The Subscriber signal timing is adjusted by the Base Station.
During net entry operations the Subscriber receives the Base Station signal while operating in a receive only mode. The Subscriber acquires the Base Station frame sync signal. The signal delay as seen at the Base Station will depend on the range to the Base Station from the Subscriber. During Net Entry operations the Base Station received the Subscriber signals compares the received time of arrival to an expected time of arrival (in this case the frame sync time) measures the delay, and derives a timing error measurement. Based on this delay, or timing error measurement, the Base Station computes a signal timing correction adjustment command for the Subscriber. This command is communicated to the Subscriber whose system timing is adjusted on the basis of this instruction. Additional measurements and corrections are made during the Net Entry operations as required until the timing is adequately adjusted to allow the Subscriber to proceed to the Channel and Services Assignment region. The Base Station periodically continues to perform a Subscriber signal timing measurement and correction during the polling operations as required so long as the Subscriber is in transmit operation. It should be noted that timing error measurements at all times after net entry is complete are made on the basis of cell timing rather than frame sync since the Subscribers do not transmit frame sync signals and only transmit cells. The Base Station can compare all received signals, after initial adjustment are made, to cell timing since all transmissions are to be made in synchronism with cell slots.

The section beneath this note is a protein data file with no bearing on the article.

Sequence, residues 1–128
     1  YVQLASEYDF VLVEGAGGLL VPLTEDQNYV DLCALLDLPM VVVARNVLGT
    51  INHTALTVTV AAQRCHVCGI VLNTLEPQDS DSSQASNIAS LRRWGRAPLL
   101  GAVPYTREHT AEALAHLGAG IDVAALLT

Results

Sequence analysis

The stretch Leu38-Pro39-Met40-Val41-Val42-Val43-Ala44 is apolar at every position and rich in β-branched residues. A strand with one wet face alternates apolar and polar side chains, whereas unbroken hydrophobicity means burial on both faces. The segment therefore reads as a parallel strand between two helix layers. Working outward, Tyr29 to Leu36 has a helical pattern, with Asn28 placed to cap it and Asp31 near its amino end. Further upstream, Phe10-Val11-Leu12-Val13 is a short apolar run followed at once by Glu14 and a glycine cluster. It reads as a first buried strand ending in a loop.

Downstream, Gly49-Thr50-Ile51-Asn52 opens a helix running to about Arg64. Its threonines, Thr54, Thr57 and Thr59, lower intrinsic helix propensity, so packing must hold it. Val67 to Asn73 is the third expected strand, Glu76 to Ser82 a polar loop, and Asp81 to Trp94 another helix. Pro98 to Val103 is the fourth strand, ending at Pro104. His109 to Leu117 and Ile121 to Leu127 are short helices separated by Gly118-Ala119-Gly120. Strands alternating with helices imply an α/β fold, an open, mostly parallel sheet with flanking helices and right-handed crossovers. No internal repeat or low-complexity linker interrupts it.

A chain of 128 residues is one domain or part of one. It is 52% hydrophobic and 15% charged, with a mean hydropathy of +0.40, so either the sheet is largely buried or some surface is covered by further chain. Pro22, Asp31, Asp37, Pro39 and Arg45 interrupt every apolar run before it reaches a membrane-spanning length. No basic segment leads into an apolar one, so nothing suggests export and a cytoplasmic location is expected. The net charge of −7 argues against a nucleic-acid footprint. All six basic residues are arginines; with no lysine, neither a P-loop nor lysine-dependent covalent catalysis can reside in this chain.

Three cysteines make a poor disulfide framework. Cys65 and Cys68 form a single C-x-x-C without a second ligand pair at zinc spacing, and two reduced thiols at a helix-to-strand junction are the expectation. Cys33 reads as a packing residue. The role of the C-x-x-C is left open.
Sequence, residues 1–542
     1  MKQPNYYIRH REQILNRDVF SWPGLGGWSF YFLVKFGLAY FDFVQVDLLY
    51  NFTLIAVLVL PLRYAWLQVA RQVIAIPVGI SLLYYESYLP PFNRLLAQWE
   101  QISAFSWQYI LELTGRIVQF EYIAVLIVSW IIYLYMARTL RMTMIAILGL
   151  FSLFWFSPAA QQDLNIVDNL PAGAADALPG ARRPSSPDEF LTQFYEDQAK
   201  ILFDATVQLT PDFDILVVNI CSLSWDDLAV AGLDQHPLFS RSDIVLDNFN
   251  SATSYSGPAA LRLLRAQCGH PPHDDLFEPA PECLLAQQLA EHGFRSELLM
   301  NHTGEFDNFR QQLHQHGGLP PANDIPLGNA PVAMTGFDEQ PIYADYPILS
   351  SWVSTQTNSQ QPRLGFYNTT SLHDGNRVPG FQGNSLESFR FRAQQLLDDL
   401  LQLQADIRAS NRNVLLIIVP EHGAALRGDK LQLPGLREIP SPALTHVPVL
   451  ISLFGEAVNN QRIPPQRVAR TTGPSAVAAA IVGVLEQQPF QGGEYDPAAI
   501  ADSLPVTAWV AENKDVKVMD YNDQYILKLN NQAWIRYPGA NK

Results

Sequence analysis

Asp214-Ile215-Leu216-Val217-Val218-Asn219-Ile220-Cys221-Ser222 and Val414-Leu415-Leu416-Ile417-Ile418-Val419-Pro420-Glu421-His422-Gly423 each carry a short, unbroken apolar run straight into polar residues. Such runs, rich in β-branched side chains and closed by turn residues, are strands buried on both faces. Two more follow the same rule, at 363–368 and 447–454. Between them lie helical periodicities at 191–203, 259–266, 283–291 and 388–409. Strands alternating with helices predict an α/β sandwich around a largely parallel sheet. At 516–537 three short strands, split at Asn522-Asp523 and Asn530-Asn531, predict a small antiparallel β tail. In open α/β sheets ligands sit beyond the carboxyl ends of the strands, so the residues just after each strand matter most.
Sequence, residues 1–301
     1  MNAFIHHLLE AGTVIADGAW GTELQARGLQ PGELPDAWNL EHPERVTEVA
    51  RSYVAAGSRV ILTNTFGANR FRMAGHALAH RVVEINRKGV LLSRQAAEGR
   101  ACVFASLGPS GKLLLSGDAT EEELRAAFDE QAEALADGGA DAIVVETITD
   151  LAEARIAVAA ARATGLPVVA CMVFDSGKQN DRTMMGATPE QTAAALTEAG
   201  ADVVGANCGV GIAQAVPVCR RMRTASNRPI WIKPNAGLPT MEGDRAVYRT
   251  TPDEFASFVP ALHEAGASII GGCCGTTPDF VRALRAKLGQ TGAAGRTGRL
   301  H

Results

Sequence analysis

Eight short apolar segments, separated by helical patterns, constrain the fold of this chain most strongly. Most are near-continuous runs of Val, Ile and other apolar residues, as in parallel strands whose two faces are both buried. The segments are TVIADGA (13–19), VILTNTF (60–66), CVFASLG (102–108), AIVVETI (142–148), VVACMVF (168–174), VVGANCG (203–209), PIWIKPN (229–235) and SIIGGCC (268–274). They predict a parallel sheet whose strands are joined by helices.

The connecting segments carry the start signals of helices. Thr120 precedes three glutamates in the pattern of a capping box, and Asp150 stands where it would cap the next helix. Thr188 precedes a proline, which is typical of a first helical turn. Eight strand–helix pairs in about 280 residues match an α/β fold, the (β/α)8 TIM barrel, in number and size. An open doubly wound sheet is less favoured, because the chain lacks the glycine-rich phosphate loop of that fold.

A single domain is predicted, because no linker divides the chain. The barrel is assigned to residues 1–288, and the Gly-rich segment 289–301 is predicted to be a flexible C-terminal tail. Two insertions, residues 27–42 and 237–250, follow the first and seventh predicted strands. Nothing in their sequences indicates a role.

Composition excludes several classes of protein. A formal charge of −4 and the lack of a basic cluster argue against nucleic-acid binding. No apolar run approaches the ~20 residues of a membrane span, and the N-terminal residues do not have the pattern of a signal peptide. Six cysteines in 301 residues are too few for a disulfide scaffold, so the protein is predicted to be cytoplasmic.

While preferred embodiments of the invention have been shown and described, it will be appreciated that various other embodiments, adaptations and modifications coming within the scope of the invention will be apparent to those skilled in the art.
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|U.S. Classification||455/562.1, 455/446, 455/425|
|International Classification||H04H20/00, H04W16/24, H04W84/14, H04W56/00, H04W52/34, H04B7/005, H04J3/00, H04B7/185, H04B7/04, H04B7/10, H04M1/00, H04B7/24|
|Cooperative Classification||H04W52/34, H04B7/10, H04W84/14, H04W16/24, H04B7/0491, H04W56/00|
|European Classification||H04W16/24, H04B7/10, H04B7/04S, H04W84/14, H04W52/34, H04W56/00|
|Dec 5, 2003||AS||Assignment|
Owner name: ALCATEL USA SOURCING, L.P., TEXAS
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Effective date: 20030616
|Mar 11, 2010||FPAY||Fee payment|
Year of fee payment: 12
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Owner name: CREDIT SUISSE AG, NEW YORK
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Effective date: 20130130
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Owner name: ALCATEL-LUCENT USA INC., NEW JERSEY